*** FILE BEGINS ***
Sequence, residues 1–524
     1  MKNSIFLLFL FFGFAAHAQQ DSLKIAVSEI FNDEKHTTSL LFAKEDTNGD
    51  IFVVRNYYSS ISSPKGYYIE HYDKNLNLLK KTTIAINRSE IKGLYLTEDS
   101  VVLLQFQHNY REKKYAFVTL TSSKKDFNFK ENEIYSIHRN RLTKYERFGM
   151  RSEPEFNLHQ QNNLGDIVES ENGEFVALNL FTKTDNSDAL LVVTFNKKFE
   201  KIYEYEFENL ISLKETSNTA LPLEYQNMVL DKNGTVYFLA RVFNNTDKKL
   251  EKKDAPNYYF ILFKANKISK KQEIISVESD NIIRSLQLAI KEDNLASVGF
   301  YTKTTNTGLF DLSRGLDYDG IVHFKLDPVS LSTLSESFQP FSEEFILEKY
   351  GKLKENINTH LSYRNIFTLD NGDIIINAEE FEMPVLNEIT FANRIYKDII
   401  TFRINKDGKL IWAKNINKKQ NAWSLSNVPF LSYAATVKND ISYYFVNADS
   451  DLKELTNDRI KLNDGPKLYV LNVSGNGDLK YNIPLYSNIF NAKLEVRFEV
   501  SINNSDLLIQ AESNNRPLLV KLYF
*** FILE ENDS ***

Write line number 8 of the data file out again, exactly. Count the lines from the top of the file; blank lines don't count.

   301  YTKTTNTGLF DLSRGLDYDG IVHFKLDPVS LSTLSESFQP FSEEFILEKY